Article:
Just as you owe taxes on money that you earn by working, you may also owe taxes on money that you earn through investments.
That’s important for investors to understand, so that they can plan for the tax implications of their investment strategy. Understanding how your investments could impact your taxes better prepare you for tax season and allow you to make more informed investment decisions.
Some investments may not look as appealing after you’ve factored in the potential impact of taxes, and taxes could impact both your returns and your payback period. That’s why it’s important to know the answer to the question: How are stocks taxed?
Before we get into it, we just want to say up front that we don’t provide tax advice. We can outline a few tax guidelines that you should pay attention to but, to fully understand the implications, you’ll want to consult a tax professional.
When Do You Pay Taxes on Stocks?
There are several scenarios in which you may owe taxes related to the stocks you hold in an investment account. The most well known is the tax liability incurred when you sell a stock that has appreciated in value since you purchased it. The difference in value is referred to as a capital gain. When you have capital gains, you must pay taxes on those earnings.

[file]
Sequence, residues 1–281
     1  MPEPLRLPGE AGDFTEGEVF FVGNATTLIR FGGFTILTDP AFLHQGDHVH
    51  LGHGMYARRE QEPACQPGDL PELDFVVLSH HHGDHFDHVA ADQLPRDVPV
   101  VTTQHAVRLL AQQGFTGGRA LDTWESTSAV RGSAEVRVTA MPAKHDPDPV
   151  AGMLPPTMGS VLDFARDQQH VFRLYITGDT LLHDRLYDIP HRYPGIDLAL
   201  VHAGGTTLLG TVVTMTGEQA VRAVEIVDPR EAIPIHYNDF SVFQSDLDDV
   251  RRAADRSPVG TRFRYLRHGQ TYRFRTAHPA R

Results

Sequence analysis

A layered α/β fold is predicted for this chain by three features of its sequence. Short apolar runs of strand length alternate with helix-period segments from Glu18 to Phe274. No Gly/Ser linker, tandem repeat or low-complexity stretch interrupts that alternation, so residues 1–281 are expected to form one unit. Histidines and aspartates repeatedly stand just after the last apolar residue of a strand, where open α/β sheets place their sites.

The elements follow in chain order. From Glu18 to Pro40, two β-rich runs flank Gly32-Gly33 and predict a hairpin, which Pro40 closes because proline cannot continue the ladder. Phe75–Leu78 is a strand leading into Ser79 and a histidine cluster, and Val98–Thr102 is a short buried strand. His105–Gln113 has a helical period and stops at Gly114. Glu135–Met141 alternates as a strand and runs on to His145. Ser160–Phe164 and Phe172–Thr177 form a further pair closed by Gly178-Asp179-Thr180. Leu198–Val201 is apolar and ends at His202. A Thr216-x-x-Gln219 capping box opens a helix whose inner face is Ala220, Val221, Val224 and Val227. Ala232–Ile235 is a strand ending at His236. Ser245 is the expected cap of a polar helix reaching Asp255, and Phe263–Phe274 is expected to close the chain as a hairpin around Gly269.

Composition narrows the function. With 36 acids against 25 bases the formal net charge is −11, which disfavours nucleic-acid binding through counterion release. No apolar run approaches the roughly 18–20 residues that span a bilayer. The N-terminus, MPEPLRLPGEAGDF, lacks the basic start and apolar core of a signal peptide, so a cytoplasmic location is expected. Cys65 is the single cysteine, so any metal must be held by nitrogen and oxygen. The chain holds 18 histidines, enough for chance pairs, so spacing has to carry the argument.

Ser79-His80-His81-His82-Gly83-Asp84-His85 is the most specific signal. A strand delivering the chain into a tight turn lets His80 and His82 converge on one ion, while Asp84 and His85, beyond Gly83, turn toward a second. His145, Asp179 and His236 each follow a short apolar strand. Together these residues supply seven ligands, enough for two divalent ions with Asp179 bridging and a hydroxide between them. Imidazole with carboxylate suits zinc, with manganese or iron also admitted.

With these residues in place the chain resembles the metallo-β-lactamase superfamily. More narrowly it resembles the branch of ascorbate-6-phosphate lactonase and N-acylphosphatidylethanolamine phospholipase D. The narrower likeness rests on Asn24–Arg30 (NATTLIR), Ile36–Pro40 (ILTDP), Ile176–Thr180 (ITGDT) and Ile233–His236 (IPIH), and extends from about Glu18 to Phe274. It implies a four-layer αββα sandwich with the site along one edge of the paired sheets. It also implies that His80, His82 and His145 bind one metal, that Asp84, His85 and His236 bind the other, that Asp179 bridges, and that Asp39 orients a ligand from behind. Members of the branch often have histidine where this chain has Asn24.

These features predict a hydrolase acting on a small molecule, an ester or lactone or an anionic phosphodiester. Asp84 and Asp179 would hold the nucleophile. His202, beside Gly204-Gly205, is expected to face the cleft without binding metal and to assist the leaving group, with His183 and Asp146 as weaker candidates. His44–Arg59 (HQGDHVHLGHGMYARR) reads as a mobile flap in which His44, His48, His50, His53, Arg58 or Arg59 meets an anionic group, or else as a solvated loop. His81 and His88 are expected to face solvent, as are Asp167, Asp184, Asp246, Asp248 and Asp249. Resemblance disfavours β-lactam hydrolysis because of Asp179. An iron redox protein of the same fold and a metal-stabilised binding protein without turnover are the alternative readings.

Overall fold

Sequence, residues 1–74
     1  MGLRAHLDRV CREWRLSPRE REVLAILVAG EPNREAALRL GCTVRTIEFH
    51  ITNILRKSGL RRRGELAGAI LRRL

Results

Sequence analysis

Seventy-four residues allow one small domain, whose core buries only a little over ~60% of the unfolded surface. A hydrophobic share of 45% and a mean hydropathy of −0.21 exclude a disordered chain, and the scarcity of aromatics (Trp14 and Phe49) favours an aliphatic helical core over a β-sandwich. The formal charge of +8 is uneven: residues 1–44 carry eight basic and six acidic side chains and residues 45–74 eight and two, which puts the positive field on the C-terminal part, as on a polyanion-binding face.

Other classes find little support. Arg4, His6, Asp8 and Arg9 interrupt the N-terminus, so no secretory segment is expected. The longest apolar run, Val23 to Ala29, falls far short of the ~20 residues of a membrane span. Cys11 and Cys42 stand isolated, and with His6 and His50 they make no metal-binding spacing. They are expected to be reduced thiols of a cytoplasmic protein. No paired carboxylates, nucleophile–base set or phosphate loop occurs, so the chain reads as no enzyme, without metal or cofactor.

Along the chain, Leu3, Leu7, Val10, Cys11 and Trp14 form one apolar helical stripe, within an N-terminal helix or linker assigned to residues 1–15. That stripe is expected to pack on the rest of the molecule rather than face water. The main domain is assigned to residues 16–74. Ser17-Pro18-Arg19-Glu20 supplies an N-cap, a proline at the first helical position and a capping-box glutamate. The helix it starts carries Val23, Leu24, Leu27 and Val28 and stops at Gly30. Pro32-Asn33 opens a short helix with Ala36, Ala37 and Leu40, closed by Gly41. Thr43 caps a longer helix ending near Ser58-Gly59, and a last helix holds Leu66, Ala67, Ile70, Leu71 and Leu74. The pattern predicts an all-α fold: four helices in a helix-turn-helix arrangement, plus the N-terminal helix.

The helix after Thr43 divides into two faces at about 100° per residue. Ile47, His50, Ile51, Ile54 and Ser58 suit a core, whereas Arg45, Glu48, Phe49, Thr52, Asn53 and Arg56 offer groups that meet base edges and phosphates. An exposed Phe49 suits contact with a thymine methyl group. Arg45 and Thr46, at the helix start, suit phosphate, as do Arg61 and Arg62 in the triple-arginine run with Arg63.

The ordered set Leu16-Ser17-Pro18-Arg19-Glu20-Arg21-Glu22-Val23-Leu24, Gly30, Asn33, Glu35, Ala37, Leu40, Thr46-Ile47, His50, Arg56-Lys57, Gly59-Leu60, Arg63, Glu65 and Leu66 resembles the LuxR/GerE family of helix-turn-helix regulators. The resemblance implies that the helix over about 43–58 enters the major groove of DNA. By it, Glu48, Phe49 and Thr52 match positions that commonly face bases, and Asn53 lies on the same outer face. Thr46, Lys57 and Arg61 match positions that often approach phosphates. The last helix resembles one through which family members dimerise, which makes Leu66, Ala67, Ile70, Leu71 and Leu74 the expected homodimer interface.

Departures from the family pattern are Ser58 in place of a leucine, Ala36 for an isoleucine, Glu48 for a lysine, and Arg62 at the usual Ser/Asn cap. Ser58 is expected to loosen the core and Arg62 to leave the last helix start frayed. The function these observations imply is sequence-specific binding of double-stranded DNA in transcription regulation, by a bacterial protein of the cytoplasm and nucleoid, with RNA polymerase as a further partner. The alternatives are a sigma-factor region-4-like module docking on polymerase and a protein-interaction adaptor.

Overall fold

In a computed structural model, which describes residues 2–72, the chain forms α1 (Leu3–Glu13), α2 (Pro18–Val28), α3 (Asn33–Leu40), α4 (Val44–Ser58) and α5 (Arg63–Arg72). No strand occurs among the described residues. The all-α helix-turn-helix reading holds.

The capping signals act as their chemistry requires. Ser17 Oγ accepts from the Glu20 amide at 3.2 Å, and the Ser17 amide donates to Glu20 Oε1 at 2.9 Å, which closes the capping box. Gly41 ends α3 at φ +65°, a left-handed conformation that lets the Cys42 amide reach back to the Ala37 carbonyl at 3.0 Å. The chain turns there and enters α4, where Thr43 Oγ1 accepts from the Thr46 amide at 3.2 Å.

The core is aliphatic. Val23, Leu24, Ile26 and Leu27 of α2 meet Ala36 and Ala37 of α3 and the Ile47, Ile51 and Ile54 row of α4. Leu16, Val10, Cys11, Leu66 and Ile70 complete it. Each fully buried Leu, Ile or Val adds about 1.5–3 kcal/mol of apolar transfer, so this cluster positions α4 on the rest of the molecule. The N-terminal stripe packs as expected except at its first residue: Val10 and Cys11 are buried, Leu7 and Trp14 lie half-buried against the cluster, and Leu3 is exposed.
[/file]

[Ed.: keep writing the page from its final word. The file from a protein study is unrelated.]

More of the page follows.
You owe capital gains taxes only on your investments’ growth, based on the increase in value from when you bought them until when you sell them. That’s important to consider, whether you’re purchasing IPO stocks or buying blue chip established companies.
There are two types of capital gains tax:
Short-term Capital Gains
Short-term capital gains tax applies when you sell an asset that you owned for a year or less that gained in value. These gains would be taxed at the same rate as your typical tax bracket (here they are for the 2021-2022 tax year), so they’re important for day traders to consider.
Long-term Capital Gains
Long-term capital gains tax applies when you sell an asset that gained in value after holding it for more than a year. Depending on your taxable income and tax filing status, you’d be taxed at one of these three rates: 0%, 15%, or 20%. Overall, long-term capital gains tax rates are typically lower than those on short-term capital gains.
If you sell a stock for less than you purchased it, the difference is called a capital loss. You can deduct your capital losses from your capital gains each year, and offset the amount in taxes you owe on your capital gains.
You can also apply up to $3,000 in investment losses to offset regular income taxes.
Taxes on Investment Income
You may have taxes related to your stock investments even when you don’t sell, if the investments generate income.
You may receive periodic dividends from some of your stocks when the company you’ve invested in earns a profit. If the dividends you earn add up to a large amount, you may be required to pay taxes on those earnings. Each year, you will receive a 1099-DIV tax form for each stock or investment from which you received dividends. These forms will help you determine how much in taxes you owe.